and discussed before the institution during the past In honour of the International Medical Congress to be

session :-A Telford gold medal to Mr. J. A. Saner, a Watt held in Lisbon this year, there has been opened a small

gold medal to Mr. G. G. Stoney, and a George Stephenson exhibition of the products of the Portuguese colonies in

gold medal to Dr. T. E. Stanton; Telford premiums to the rooms of the Colonial Museum. The exhibits, which

Mr. Leonard Bairstow, Mr. H. S. Bidwell, Mr. J. J.

Webster, Mr. Cathcart, Mr. W. Methven, Mr. H. A. are chiefly from Cape Verde, Mozambique, the Portuguese

Mavor, Sir Frederick R. Upcott, K.C.V.O., C.S.I., and a Indies, Angola, Timor, and Guinea, deal almost exclusively with wool, coffee, cocoa, and india-rubber ; palm oil, &c.,

Manby premium to Mr. D. E. Lloyd-Davies. The presentand other raw materials of the fatty and oil industries,

ation of these awards, together with those for papers which although important exports of the Portuguese colonies, are

have not been subject to discussion, and will be announced not represented.

later, will take place at the inaugural meeting of next

session. ARRANGEMENTS are being made to hold a Country in

IN Tennyson's " Palace of Art” occur the lines :Town” exhibition at the Whitechapel Art Gallery in July. The object of the exhibition is to show East Londoners

"She saw the snowy poles and Moons of Mars,

That mystic held of dristed light what can be done to bring into the neighbourhood some

In mid Orion, and the married stars." thing of the beauty of nature. It is proposed to show This at first sight looks like a literary parallel to Swift's living things, pictures and models, materials and appli- well-known fortuitous forecast of the discovery of the ances, plans for the improvement of certain areas in Martian satellites, and Mr. J. S. Stevenson, writing London, and exhibits explaining city life in Japan and from Blairavon, Norwood, Ceylon, points out that Prof. other countries. Contributions towards the necessary ex- H. H. Turner quotes it in “ Modern Astronomy as having penses are asked for, and these may be sent to the Rev. been written in 1835. This, however, appears not to have Canon Barnett at Toynbee Hall, E.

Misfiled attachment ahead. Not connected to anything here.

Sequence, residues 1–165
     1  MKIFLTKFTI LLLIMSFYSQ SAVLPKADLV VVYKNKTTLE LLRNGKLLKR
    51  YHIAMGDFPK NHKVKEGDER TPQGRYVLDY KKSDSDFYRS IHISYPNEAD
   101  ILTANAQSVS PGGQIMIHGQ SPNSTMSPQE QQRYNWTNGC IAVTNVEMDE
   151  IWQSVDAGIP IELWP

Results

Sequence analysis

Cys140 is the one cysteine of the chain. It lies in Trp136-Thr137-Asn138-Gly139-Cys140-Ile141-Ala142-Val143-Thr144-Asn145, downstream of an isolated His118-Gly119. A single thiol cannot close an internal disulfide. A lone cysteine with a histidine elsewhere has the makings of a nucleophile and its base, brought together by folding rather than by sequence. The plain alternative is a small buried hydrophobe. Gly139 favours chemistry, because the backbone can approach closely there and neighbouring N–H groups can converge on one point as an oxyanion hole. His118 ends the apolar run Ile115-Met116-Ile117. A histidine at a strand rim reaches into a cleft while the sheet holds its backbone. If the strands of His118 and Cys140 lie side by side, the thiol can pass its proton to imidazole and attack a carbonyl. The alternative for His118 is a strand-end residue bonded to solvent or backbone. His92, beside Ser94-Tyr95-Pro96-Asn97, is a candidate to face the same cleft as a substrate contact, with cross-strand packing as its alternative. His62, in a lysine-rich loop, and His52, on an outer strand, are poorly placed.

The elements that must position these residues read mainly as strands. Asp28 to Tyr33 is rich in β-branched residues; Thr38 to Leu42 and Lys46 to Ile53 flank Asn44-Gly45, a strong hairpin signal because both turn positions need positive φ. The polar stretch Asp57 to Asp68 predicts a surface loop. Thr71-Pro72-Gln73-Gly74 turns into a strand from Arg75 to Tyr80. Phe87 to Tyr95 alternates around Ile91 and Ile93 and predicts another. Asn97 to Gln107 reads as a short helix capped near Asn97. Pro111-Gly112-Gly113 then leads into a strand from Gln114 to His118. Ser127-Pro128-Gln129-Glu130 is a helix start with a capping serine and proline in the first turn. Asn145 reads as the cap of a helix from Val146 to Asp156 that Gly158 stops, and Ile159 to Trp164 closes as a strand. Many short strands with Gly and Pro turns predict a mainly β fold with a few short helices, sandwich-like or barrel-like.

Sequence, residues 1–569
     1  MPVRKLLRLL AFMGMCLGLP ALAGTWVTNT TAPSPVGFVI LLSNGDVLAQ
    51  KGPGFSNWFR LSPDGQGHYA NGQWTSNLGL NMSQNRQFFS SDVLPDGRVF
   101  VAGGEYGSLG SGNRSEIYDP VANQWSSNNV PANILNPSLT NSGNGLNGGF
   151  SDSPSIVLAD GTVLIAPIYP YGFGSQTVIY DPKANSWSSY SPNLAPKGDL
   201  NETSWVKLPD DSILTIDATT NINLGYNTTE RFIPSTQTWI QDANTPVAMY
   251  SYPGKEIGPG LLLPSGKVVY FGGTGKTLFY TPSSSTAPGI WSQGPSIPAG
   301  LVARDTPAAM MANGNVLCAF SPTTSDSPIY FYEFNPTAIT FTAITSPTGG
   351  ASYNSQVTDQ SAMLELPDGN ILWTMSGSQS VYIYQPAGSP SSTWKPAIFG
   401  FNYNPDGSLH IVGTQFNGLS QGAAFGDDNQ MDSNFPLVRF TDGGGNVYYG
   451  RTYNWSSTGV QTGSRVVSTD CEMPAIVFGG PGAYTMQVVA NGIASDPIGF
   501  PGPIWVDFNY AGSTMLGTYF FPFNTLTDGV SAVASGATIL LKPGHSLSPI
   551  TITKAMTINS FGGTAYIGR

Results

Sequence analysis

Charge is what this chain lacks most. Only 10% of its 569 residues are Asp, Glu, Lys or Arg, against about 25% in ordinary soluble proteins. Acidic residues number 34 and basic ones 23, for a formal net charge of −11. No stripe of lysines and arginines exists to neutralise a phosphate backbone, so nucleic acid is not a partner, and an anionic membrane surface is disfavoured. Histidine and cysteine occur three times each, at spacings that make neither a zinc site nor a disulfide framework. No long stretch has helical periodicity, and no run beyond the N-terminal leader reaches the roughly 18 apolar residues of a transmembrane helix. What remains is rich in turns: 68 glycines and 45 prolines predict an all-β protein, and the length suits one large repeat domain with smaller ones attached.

been the case ; for Mr. Stevenson, on reference to the bioThe ninth annual meeting of the Childhood Society will

graphy of the late poet laureate by the present Lord Tenny

son has found the note, The 'Moons of Mars' is the only be held on Tuesday next, May 8, at the residence of the

modern reading here, all the rest are more than half a president, Earl Egerton of Tatton. Sir Edward Brabrook, C.B., will deliver an address. The chief object of the

century old.” Scientific discovery was thus not anticipated society is to promote the study of educational methods and by Tennyson in the mention of Martian satellites. of the environment of children during school life, best THE Paris correspondent of the Times made the followsuited to ensure satisfactory mental and physical developing announcement in a message on Monday night :-“ The ment of children. The society numbers among its members Prince of Monaco formally announced to the French representatives of educational science, teachers, medical Minister of Education to-day his decision to establish in experts, and others interested in the investigation of mental Paris the Oceanographic Institute that he has founded. and physical conditions of childhood.

He will endow the institute with the magnificent museum